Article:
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Neighbours as human shields? The Israel Defense Forces’ "Early Warning Procedure" and international humanitarian law

31-12-2004 Article, International Review of the Red Cross, No. 856, by Roland Otto

   

Roland Otto
Dipl. Jur., Research Fellow at the Institute of International Law, University of Göttingen. 
 
Abstract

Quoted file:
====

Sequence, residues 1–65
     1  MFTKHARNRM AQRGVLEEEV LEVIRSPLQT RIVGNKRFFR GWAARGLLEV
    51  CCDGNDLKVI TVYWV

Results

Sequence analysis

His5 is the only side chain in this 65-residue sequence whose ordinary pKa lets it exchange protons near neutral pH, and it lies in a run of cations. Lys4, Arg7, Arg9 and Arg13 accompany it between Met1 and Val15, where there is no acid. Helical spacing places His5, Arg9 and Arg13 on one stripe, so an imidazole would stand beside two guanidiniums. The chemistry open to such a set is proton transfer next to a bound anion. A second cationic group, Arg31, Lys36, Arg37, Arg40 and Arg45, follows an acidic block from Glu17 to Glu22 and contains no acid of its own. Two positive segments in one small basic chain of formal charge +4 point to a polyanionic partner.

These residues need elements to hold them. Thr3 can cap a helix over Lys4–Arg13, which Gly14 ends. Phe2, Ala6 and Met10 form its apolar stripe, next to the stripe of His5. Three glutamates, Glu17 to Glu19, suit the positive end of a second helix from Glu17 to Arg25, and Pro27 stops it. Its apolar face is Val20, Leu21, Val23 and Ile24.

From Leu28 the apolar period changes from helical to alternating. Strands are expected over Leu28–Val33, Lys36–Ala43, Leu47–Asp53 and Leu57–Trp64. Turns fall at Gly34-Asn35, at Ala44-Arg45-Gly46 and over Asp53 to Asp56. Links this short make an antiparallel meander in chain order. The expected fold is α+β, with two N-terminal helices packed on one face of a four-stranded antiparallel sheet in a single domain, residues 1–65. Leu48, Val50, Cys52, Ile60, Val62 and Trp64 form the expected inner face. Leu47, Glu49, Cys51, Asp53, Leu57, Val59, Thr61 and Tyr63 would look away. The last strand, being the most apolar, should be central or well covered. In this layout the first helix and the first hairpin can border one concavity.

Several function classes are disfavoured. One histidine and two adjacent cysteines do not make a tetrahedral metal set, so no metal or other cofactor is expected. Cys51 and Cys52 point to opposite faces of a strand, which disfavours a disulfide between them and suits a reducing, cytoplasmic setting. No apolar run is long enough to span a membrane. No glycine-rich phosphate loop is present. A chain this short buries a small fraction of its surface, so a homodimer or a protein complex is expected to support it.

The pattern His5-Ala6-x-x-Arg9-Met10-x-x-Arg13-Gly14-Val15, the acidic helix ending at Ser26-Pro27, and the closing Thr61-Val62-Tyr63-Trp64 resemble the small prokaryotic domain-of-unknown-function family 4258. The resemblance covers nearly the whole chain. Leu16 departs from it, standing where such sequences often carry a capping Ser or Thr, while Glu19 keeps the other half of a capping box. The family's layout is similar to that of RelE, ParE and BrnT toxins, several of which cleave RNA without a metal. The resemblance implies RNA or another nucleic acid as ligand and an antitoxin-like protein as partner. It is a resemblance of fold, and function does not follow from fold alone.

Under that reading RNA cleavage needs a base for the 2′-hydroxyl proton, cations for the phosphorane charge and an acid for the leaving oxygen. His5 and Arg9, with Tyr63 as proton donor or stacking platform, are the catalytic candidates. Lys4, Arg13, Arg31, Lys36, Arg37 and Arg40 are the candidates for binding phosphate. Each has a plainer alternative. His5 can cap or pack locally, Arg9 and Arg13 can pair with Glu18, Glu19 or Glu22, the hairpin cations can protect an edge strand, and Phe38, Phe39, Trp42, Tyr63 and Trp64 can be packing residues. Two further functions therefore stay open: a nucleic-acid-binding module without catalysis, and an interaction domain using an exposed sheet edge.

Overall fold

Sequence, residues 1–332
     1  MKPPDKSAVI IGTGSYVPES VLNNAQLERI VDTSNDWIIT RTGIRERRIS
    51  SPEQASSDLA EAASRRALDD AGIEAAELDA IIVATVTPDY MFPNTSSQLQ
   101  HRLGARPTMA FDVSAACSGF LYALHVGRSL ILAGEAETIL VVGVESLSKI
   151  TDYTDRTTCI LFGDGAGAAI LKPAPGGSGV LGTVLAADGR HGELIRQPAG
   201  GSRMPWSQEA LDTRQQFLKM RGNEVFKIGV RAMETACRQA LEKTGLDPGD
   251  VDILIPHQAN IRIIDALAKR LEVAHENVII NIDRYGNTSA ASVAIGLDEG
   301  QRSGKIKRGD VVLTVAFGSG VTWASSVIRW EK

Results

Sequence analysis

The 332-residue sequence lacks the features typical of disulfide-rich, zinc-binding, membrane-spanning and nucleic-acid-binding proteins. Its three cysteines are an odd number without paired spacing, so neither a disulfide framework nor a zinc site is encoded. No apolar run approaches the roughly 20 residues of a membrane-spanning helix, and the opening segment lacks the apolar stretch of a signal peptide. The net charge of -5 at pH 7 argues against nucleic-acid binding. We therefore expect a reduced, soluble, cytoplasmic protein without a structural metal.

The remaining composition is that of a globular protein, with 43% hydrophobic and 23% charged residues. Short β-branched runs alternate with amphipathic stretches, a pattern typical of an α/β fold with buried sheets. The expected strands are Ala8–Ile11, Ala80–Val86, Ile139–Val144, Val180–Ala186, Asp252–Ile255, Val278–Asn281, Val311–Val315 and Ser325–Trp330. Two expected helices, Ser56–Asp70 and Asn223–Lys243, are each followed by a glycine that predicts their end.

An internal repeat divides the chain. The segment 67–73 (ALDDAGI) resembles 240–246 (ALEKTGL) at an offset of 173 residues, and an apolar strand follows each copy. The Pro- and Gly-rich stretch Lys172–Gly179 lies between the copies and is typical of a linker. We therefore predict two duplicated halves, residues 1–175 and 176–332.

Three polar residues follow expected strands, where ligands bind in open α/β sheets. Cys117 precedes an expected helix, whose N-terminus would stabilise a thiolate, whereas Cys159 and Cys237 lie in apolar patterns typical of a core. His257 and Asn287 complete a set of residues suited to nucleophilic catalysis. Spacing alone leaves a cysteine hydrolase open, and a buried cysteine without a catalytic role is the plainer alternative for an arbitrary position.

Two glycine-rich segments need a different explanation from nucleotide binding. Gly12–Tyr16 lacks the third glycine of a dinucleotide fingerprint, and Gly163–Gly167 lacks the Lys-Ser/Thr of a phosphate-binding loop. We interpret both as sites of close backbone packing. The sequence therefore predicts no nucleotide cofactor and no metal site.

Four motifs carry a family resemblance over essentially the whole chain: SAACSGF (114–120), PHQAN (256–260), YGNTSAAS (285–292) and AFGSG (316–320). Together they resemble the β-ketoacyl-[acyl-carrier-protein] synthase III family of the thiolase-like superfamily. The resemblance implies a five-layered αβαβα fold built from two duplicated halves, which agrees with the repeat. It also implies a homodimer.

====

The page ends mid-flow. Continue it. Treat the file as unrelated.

The " Early Warning Procedure " enables the Israel Defense Forces to obtain assistance by a civilian volunteer, i.e. a neighbour, to arrest a wanted person in the occupied territories. The author argues that, if the fact that protected persons cannot renounce their rights under the Fourth Geneva Convention is taken into account, this policy violates the prohibition whereby protected persons cannot be forced to serve in the occupying power's armed forces and to participate in military operations, as well as the prohibition on the use of human shields. In this context, international humanitarian law is lex specialis in relation to human rights law. Considered from another angle, the policy also violates the principle of proportionality, as it is possible for the forces to achieve their aims at a higher risk to themselves but without the danger of any harm to the civilian in question.

 

   
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